Preventing boredom in dogs
May 21, 2020
Many dogs are left alone for hours every day. This can lead to boredom which is often the root of many behavioural problems. Let’s take a look at how you can keep your dog occupied when you’re not there.
Many dogs are left alone for hours every day. This can lead to boredom which is often the root of many behavioural problems.
Dogs are intelligent creatures and therefore require mental stimulation. Left alone with nothing to do, a dog will create its own entertainment. This could include such behaviours as barking at birds and clouds, running in circles, pulling clothes off the line or digging holes in the garden. In extreme cases, some dogs will even resort to self-mutilation.
How can I keep my dog occupied when I'm not there?
The key lies in 'environmental enrichment'. This means to make your dog's environment more interesting and complex, and is a strategy used in zoos and wildlife parks around the world.
Dogs need daily exercise and ideally they should leave your property every day. Taking your dog on a walk has many health benefits for both of you. Try to vary your walks so that your dog gets to experience new sights, smells and interactions.
Find a safe off-leash area where your dog can let off some steam. For high energy dogs consider dog sports such as Agility or Flyball.
A happily tired out dog is more likely to rest when you’re not home, rather than seek out mischief.
Have a collection of safe and fun dog toys and rotate them daily (yes, every day!) so they maintain their novelty factor and stay interesting for your dog. Select toys that are appropriate for your dog’s level of destructiveness. Always supervise your dog when first playing with a new toy to see if there is any potential risk of the toy becoming dangerous. Inspect toys regularly for signs of wear, and replace any that are damaged.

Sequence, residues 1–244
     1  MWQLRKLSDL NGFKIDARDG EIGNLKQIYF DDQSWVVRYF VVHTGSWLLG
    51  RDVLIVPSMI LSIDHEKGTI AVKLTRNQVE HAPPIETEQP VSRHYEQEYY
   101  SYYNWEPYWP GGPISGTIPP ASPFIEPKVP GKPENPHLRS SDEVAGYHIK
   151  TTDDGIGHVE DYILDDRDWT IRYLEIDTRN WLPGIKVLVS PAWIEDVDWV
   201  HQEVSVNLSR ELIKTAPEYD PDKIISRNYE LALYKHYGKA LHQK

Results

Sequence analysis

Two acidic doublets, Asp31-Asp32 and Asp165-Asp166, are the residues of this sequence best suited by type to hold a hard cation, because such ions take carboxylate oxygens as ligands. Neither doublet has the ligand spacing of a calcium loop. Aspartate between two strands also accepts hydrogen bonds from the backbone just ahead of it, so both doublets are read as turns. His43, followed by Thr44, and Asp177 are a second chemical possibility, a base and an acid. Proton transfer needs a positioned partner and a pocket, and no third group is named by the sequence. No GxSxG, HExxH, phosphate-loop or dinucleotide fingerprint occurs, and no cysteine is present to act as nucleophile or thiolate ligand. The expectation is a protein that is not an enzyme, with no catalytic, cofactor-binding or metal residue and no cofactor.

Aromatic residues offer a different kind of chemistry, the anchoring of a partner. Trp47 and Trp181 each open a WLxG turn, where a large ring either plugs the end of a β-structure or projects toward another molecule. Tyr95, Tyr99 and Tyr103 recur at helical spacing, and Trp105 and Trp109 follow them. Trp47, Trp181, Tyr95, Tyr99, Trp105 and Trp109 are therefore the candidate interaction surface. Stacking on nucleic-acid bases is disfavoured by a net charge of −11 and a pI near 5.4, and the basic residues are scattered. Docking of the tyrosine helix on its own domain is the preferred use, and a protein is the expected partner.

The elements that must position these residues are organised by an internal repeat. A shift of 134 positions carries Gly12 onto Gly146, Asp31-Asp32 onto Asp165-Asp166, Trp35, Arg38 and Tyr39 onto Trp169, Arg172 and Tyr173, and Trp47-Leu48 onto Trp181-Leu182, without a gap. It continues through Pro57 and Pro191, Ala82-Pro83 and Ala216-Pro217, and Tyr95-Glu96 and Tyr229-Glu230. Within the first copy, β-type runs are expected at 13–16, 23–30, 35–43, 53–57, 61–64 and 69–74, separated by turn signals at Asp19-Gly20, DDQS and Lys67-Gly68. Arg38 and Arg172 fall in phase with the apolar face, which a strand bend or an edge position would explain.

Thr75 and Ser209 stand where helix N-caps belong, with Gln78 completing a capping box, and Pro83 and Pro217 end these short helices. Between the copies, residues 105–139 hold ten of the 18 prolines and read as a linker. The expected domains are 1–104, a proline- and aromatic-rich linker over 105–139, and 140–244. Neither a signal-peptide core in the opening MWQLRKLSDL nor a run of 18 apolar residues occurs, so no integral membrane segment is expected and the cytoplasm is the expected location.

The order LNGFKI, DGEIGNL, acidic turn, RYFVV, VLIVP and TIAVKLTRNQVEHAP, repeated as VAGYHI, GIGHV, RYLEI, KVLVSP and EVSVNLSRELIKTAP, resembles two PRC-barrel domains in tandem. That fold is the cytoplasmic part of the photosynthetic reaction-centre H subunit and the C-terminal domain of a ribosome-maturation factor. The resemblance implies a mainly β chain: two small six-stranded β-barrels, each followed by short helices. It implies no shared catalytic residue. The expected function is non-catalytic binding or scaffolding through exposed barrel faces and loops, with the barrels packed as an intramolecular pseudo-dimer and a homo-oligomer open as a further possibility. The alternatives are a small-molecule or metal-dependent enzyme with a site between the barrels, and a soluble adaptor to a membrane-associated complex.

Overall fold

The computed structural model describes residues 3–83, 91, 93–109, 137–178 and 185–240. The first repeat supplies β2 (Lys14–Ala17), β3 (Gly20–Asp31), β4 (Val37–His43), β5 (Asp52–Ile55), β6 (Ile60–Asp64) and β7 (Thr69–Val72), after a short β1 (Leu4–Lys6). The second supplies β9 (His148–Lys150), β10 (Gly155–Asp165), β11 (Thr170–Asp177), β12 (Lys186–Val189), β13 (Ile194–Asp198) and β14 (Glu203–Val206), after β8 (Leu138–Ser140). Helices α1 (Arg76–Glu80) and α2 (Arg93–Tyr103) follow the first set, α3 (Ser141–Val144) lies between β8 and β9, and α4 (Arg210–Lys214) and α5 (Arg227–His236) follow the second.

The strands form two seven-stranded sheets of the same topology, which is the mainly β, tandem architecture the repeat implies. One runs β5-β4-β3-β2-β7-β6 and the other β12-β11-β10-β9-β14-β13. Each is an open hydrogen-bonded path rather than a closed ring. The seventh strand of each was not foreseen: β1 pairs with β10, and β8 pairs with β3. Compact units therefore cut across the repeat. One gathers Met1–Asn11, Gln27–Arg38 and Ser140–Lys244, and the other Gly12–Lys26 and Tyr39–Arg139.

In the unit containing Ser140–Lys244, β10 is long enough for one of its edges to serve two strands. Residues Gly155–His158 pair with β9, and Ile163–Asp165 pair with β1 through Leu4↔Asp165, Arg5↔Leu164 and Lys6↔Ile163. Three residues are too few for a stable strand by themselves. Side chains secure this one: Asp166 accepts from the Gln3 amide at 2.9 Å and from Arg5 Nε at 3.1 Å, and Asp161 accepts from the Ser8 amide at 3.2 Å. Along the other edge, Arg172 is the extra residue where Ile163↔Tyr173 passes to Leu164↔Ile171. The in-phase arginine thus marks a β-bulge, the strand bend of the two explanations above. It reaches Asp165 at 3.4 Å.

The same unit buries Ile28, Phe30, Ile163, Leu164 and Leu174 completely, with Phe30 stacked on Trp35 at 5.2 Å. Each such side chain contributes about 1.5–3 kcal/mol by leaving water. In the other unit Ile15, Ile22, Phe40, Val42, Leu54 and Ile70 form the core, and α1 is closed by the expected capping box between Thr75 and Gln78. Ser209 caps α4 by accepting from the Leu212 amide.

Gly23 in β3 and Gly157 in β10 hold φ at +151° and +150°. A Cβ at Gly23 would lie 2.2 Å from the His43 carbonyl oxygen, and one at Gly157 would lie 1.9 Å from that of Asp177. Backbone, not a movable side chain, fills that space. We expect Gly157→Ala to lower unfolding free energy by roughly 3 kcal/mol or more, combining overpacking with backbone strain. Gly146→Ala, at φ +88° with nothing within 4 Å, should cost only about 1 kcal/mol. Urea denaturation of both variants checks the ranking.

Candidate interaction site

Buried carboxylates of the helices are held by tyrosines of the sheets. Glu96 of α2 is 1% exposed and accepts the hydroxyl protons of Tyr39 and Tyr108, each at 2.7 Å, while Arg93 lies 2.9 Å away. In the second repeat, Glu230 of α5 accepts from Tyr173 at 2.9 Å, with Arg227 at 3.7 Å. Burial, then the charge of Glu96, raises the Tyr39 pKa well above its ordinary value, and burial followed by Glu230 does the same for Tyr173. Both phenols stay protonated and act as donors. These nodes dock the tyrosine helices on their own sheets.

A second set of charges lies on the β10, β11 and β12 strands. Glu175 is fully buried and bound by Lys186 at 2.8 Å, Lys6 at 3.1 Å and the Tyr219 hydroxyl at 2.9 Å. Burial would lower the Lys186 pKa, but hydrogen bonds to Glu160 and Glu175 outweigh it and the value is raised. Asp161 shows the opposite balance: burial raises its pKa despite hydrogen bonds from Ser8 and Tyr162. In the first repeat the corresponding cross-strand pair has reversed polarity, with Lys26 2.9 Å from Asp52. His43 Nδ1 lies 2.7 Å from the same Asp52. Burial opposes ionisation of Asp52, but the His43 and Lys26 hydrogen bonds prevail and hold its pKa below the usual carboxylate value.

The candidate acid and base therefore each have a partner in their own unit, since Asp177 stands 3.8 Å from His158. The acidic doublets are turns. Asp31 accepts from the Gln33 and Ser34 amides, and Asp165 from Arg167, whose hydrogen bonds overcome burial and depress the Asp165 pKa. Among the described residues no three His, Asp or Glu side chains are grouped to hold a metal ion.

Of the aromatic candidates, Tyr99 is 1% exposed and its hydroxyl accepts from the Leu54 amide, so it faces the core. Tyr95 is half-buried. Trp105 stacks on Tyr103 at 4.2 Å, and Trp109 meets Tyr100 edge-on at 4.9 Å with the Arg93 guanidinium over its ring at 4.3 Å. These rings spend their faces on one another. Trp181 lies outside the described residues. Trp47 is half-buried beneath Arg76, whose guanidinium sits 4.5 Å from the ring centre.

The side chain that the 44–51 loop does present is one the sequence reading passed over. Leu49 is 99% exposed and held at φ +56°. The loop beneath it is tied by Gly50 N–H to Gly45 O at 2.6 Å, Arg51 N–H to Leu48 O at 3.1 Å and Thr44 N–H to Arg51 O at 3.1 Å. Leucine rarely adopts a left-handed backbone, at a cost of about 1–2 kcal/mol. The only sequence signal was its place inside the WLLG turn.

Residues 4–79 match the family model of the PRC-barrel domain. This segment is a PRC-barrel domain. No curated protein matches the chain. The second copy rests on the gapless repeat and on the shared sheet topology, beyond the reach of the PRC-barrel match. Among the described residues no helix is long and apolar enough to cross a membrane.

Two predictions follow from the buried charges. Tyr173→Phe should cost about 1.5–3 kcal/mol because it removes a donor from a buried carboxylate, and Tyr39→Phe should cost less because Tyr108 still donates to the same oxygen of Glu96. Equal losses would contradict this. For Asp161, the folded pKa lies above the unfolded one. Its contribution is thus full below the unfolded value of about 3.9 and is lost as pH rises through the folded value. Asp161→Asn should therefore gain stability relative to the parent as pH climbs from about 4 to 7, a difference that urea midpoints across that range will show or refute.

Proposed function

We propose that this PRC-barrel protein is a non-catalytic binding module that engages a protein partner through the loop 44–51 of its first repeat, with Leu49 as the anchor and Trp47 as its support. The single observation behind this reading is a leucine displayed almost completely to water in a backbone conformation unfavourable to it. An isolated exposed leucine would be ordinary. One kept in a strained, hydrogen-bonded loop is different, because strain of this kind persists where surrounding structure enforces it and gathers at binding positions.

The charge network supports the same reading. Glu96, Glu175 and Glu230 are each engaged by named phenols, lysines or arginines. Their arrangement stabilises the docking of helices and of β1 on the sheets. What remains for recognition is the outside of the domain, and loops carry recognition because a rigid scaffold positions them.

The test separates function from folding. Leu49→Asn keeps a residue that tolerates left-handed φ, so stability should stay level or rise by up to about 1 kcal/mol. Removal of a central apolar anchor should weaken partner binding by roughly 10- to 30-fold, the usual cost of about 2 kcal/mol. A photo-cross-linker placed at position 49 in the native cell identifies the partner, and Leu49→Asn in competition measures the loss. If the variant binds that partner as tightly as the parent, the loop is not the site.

Make feeding time last longer
In the wild, an animal spends a significant proportion of their time seeking out their next meal. When your pet can rely on you to meet their nutritional needs, they’re left with a fair bit of time on their paws. So rather than feeding your dog from a bowl, scatter their dry kibble around the backyard. It will take them ages to sniff out every piece.
Stuff a ‘Kong’ toy with yummy treats or put some kibble in a treat ball or ‘Buster Cube’. Your dog will need to use their brain to work out how to get those treats.
Provide your dog with a raw bone and smoked pigs ears a couple of times each week to chew on.
You could also
Create a digging pit using a child’s sand pit. Try hiding toys and treats in it for your dog to find as buried treasure.
Play hide and seek by hiding treats around the garden for your pooch to find.
If you don’t have time to walk your dog, consider employing a professional dog walker.
Investigate local doggy day care centres, where your dog can spend some quality time playing and socialising.